Who Hasn’t Gotten Blackout Drunk and Smoked Some Crack on Video?

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Who Hasn't Gotten Blackout Drunk and Smoked Some Crack on Video
Who Hasn’t Gotten Blackout Drunk and Smoked Some Drugs on Video

Toronto mayor Rob Ford made it clear yesterday that he had, about a year ago, smoked some drugs while very drunk. He’d unfortunately done it while on camera. The police now own the video.

Most people would use this opportunity to go “y’know, maybe politics isn’t the right avenue for me” and throw in the metaphorical towel. Most people are not Rob Ford, who at his best can be described as looking not entirely unlike a flesh-colored fire hydrant with eyes like pissholes in the snow, and who steadfastly refused to give up his position as mayor of the ninth most expensive city in the world despite his rampant and visible alcoholism and the now worldwide knowledge that he enjoys a little bit of crack cocaine now and then.

But I ask you this, dear reader. Look deep inside yourself and ask yourself this:

Who hasn’t gotten blackout drunk and smoked drugs on camera?

When I’m not in TheBlot’s downtown NYC offices blogging up a storm, I can frequently be found roaming the streets looking to score a fix of either bottom-shelf alcohol or sweet, sweet crack cocaine. And given that I am a millennial — in that I have been born into a time when sharing experiences is not frowned upon but de rigueur — I frequently ask one of my drug-addled cohorts for the evening to film me partaking in the subtle and nuanced delicacy that is crack cocaine. Besides, what could be better than raising my own personal brand via Twitter, Facebook and Instagram while also being completely unhinged on drugs and alcohol? It’s certainly worked wonders for Rob Ford, who is now arguably a household name.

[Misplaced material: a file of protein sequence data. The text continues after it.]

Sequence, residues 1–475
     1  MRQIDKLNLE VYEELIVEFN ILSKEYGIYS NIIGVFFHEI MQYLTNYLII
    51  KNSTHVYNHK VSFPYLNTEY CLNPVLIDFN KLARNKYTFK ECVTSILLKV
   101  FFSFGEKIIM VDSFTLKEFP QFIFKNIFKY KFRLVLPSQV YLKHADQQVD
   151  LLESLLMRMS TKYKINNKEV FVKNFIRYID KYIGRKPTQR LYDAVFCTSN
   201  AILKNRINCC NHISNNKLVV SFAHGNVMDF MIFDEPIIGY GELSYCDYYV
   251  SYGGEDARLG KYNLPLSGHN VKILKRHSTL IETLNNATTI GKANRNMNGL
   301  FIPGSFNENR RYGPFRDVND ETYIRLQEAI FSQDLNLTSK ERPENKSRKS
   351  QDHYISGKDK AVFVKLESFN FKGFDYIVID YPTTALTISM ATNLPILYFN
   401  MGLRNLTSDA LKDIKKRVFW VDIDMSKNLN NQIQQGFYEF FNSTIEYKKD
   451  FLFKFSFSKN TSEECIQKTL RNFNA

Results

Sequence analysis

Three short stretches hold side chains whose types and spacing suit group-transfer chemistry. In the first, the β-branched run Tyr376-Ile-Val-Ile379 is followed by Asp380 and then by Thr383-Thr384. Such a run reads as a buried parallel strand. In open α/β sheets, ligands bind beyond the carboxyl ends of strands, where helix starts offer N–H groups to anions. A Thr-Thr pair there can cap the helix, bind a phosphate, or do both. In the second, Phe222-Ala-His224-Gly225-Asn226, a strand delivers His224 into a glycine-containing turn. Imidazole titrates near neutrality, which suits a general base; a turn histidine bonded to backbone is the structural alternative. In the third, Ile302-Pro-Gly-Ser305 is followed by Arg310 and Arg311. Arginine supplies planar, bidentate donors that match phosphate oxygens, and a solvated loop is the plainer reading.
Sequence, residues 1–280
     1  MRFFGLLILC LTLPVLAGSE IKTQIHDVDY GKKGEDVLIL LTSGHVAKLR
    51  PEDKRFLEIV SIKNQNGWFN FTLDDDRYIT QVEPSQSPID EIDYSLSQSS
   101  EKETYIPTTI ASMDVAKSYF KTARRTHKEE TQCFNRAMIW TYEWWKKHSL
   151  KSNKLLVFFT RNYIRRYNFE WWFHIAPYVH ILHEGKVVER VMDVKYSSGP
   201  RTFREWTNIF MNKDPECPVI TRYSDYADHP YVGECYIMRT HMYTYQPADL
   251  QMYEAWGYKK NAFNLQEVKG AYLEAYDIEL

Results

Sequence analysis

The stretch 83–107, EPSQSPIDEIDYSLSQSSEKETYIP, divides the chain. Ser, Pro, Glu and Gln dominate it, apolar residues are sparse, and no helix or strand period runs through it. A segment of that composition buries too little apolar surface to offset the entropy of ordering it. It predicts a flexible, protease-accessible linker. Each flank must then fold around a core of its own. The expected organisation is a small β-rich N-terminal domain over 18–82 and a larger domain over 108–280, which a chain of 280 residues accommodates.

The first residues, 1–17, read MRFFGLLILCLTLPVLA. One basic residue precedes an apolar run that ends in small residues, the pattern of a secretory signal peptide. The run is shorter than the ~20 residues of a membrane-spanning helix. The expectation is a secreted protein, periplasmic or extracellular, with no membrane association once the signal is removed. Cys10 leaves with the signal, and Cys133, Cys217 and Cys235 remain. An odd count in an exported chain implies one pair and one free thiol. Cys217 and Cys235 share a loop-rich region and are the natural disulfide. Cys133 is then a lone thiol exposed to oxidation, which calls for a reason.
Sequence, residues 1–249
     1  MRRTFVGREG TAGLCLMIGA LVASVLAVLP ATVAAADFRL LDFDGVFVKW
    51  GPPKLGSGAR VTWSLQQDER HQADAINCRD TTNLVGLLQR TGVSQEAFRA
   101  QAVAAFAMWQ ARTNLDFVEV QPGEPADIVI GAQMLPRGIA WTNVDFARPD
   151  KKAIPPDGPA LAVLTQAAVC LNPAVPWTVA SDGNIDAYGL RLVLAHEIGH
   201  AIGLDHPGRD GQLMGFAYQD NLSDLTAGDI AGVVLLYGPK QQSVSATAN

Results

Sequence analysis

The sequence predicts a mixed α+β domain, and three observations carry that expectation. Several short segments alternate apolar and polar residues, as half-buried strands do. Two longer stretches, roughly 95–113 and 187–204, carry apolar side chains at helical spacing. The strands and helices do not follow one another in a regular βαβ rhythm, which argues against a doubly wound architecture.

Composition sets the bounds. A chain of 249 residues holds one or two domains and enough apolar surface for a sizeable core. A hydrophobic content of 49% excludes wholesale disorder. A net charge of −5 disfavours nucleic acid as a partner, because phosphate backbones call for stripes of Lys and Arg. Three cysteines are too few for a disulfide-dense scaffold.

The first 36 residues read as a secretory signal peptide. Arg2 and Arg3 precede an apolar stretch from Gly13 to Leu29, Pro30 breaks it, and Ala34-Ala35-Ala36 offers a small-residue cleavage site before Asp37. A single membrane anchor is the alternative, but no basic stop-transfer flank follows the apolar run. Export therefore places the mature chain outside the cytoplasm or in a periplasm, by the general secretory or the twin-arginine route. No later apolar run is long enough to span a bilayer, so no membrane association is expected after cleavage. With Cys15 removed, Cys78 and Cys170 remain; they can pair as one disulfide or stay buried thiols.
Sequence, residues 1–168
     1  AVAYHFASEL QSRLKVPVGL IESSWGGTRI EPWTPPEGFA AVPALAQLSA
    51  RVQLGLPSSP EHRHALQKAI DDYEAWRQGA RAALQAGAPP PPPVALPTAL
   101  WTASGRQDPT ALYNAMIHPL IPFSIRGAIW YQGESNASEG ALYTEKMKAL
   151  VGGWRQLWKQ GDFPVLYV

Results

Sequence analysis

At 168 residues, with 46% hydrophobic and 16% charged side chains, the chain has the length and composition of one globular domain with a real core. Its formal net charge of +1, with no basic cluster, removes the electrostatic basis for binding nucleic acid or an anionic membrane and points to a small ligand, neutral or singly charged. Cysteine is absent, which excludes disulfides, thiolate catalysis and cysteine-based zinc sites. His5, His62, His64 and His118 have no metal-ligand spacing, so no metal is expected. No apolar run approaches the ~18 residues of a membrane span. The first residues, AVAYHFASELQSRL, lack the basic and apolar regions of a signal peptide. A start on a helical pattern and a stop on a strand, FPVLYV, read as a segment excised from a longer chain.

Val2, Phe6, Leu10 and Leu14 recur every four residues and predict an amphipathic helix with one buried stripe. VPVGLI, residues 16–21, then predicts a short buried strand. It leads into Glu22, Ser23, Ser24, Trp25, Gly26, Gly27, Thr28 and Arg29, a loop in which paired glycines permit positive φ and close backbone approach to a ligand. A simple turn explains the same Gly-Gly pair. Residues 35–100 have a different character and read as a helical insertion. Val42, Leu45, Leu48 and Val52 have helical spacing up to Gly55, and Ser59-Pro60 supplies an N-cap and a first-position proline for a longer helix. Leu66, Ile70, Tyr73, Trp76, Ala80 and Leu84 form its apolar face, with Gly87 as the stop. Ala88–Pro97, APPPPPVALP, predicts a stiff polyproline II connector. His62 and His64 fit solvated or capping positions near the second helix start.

While crack cocaine — which also sells under the name fishscales, gank, and blackrock — has yet to be embraced by the upper echelons of society, Ford’s decision to downplay his love of the highly addictive and readily affordable drug might just be a signal of a new era of narcotic acceptance. If tobacco and alcohol — both outrageously addictive — can be encouraged by society, why not crack cocaine?

Think about it: Vogue editor Anna Wintour finally takes off her famous dark sunglasses at a press conference to reveal bloodshot eyes holding back tears of joy as she holds high above her head a slightly tattered copy of the latest issue of Vogue, which eschews a model on its cover in favor of a 36-page foldout dedicated to crack cocaine, the chicest drug for the discerning creative and worldly individual who just happens to want to stay up for three days straight. Celebrities follow suit, smoking crack in top nightclubs while the world’s premiere DJs spin the latest and greatest tunes while high on face-numbing amounts of drugs, at 45rpm and at an ear-piercing volume.

Soon, a bit o’ crack will become as standard as a cup of coffee, and soon there’ll be a crack dealer on every corner selling artisanal and homemade batches of their finest white powder in convenient baggies you can take just about anywhere. Oh wait. That part has already happened.

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